I found a clear box that is pretty close to the correct chabako proportions, but the lid has a white edge so I didn't include it in this photo. Now I'm sure that I want to invest in a very nice clear box and will research having one made.
Friday, June 22, 2012
Tuesday, June 19, 2012
It was hot outdoors.The sweets looked cool on the white plate that I made and the matcha looked refreshing through the clear glass chawan. It was a lovely, spontaneous, ichi-go ichi-e moment.
Then I visited my daughter and sweet 2 week old grandson. What a wonderful day!
|Omogashi, moist sweets package|
Sunday, June 10, 2012
Glass Chawan for Summer
|chawan with chabako-size chasen & chashaku|
This is the new double-walled glass chawan that I just acquired for the clear chabako set I'm collecting.
Glass is sometimes used to give a cool icy feeling in the hottest time of the summer. I'm still looking for a clear plastic or Lucite box to hold the clear utensils I have gathered so far.
Using glass also represents the feeling of the fragility of each moment in the tea ritual, the sense of ichi-go ichi-e, that this meeting will never happen again in the same way and should be savored.
|clear utensils for chabako|
As the guest, it is interesting to see one's hand through the glass while drinking. It is reminiscent of the custom, before the tea gathering begins, of stopping at the tsukubai, stone water basin, in the roji, tea hut garden. Each person bends down to rinse both hands and then cup water into one hand to rinse their mouth with water. This act of cleansing in the physical world reminds us to also clear our mental state and enter the tea hut with a pure heart. In this sense, glass utensils are also symbolic of clear water and purity as well as coolness.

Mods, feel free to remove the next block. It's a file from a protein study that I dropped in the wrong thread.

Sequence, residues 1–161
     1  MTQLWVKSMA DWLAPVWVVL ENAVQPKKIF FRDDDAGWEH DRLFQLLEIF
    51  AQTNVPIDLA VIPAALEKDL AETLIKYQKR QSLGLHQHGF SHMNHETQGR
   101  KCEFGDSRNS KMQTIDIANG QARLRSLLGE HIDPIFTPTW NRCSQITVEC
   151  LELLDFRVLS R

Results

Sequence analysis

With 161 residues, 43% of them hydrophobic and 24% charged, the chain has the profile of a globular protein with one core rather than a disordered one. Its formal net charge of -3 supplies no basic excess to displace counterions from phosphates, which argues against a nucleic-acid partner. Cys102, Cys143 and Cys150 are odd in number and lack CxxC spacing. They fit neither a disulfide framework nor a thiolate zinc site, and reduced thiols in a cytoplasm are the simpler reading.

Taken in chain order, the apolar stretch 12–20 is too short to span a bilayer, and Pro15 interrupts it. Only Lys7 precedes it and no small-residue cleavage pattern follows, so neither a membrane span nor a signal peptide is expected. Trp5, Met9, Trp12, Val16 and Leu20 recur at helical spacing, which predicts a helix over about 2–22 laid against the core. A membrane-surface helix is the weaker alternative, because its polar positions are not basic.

As the host, it is good to know that the double wall keeps the outside cool to the touch. The chawan needs to be held as a temmoku chawan when emptying the rinse water into the kensui (waste water bowl) since it does not have a distinct foot to grip.
Have a cool summer!
Saturday, June 2, 2012
It's difficult in the US to find boxes and baskets in the correct chabako proportions: 6" tall x 5.5 inches wide x 8.5" long, with walls thin enough that a 4.25" diameter teabowl will fit inside.
After many weeks of searching in antique shops, resale shops and online, I finally bought an affordable lidded basket listed as a Chinese lunch basket. Good news: it has great proportions and is in nice condition. Bad news: it has a large wooden handle, is not the desired dark brown color and lacks a brocade fabric lining.
My first thought was to cut the wooden handle off and stain it darker before lining it and adding the correct ribbon closure. However, it was not difficult to take the utensils out with the handle as it is, so I may use it for Unohana-date or Hana-date Chabako until I have the chance to learn the more advanced procedure. (Note, the cord on my brocade shifuku in the picture is not tied as it would be when being presented.)